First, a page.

Loving Your Enemies: A Sermon on Matthew 5:38-48

A sermon preached at United Reformed Church
on Mother’s Day, May 10, 2020

To listen to the author preach this sermon follow this link https://www.facebook.com/105243486193626/videos/558499111745095/

Introduction: The Story Behind Mother’s Day

It may seem strange to preach a sermon entitled, “Loving Your Enemies,” on Mother’s Day, but if you know the story of the mother who inspired this celebration, I think you will agree that the topic is very fitting.

Ann Reeves Jarvis, the woman who, by her faith in God and her love for her neighbors and enemies, inspired her daughter to found Mother’s Day.

Ann Maria Reeves Jarvis, who lived from 1832 to 1905, was a staunch Methodist and community organizer during the Civil War era. She is recognized as the mother who inspired Mother’s Day. She is also a dynamic woman who lived out the teachings of Jesus throughout her life.  She loved her neighbor as herself. She also loved her enemies—caring, serving and praying for them.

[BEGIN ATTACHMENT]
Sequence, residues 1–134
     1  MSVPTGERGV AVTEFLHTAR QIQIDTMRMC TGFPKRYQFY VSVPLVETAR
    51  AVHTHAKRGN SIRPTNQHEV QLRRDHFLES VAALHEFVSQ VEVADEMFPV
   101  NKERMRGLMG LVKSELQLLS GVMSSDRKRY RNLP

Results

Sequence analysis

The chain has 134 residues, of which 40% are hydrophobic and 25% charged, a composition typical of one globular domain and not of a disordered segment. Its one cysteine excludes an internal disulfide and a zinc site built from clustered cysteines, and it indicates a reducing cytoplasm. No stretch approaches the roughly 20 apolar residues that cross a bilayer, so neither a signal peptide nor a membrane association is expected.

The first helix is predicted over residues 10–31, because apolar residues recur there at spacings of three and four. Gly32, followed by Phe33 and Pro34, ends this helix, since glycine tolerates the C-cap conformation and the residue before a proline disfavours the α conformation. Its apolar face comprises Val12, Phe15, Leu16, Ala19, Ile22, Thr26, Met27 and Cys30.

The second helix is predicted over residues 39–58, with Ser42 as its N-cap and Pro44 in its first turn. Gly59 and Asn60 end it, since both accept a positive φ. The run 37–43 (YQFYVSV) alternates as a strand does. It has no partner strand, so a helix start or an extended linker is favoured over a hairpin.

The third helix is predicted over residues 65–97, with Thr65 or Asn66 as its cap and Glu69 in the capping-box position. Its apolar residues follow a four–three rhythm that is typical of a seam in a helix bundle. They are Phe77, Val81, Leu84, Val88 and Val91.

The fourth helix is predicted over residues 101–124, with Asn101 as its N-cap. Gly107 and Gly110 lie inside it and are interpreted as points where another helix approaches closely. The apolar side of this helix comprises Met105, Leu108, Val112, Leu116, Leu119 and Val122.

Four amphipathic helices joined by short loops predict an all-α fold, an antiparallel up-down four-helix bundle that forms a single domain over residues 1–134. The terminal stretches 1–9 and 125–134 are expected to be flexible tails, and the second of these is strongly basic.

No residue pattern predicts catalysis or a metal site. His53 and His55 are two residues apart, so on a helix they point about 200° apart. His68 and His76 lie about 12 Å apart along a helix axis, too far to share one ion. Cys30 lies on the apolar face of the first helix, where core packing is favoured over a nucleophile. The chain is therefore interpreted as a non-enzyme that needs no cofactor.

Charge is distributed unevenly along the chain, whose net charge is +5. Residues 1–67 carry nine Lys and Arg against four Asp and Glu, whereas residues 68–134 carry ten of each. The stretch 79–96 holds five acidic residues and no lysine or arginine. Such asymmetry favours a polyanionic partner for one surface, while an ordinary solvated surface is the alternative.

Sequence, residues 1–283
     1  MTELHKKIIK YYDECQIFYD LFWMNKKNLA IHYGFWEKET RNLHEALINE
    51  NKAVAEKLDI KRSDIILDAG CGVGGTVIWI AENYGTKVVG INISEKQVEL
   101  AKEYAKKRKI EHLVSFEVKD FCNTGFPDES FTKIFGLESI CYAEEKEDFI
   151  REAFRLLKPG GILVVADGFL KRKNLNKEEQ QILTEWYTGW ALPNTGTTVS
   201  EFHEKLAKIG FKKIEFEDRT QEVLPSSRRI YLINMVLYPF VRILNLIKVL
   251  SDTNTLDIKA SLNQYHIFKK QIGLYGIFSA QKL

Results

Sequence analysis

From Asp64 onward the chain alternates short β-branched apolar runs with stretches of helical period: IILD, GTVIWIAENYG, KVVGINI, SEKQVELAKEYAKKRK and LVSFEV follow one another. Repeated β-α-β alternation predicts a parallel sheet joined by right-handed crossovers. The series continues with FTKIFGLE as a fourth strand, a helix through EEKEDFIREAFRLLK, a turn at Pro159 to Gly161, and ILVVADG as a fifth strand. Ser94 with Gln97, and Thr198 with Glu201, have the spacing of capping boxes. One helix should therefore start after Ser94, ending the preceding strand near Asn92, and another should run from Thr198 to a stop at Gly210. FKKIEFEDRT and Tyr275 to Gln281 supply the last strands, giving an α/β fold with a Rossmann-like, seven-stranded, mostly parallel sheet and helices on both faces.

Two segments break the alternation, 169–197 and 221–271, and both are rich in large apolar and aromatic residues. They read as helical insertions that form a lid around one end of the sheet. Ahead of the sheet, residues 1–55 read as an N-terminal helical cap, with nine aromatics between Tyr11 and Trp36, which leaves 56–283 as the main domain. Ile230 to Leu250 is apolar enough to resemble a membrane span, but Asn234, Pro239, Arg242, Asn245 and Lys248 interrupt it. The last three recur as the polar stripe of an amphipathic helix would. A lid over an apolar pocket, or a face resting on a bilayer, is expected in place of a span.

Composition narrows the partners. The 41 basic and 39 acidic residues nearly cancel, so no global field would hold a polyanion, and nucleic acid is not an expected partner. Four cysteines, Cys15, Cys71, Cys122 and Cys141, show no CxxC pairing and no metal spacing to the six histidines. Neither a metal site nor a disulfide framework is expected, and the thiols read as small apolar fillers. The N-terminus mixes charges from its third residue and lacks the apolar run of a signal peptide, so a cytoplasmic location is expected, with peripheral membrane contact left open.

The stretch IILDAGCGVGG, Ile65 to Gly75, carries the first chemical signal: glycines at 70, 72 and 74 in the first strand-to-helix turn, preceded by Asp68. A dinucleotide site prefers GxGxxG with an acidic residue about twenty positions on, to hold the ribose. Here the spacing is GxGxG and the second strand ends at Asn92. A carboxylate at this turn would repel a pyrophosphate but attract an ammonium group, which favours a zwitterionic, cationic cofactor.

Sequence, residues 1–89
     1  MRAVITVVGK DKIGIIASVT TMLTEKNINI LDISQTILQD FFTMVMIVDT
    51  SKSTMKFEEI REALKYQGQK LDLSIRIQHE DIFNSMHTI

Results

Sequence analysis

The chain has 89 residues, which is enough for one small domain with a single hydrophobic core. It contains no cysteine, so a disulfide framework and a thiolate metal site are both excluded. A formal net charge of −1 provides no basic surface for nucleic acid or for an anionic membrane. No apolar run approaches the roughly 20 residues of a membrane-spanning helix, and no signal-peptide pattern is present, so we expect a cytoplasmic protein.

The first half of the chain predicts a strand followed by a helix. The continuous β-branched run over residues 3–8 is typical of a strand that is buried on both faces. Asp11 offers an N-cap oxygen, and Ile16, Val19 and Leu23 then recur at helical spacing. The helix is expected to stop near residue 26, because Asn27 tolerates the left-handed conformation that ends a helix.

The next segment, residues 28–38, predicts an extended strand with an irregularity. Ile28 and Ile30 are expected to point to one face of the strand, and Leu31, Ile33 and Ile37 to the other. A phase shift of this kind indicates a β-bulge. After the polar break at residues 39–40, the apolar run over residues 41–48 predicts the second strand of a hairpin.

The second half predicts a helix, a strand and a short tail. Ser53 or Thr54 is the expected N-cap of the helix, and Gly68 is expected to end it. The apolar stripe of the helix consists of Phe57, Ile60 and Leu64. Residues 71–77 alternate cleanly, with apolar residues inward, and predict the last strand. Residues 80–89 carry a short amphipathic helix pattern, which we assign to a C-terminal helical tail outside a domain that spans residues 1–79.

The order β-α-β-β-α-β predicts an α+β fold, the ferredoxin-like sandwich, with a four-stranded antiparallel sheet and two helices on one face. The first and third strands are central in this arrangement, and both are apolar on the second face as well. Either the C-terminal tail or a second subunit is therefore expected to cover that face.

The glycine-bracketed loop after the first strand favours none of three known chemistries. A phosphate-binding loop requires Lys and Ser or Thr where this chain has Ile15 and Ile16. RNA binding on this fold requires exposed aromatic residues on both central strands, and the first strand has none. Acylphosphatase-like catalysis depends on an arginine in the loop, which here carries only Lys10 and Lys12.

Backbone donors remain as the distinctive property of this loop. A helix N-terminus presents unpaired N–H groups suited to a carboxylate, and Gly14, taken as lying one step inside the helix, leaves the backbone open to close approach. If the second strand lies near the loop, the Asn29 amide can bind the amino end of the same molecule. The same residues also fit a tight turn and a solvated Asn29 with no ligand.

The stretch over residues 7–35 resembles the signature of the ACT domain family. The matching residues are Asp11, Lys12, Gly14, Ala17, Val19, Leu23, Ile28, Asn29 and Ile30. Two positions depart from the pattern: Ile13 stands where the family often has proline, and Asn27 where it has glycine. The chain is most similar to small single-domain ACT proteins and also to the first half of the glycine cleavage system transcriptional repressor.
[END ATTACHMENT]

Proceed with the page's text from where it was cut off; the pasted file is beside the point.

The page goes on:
Ann married at the age of 18 to Granville Jarvis and they settled in what would later be called West Virginia. She bore eleven children over the course of seventeen years, only four of which survived to adulthood. The others died of diseases such as measles, typhoid fever, and diphtheria.

Inspired by her losses, at the age of 26 Mrs. Jarvis organized service clubs, known as Mothers’ Day Work Clubs, to improve health and sanitary conditions in her community. These clubs provided health education to mothers in an effort to reduce disease and infant mortality, they raised money to buy medicine and to hire women to work in families where the mother was gravely ill, and they also developed programs to inspect milk to insure that it was sanitary.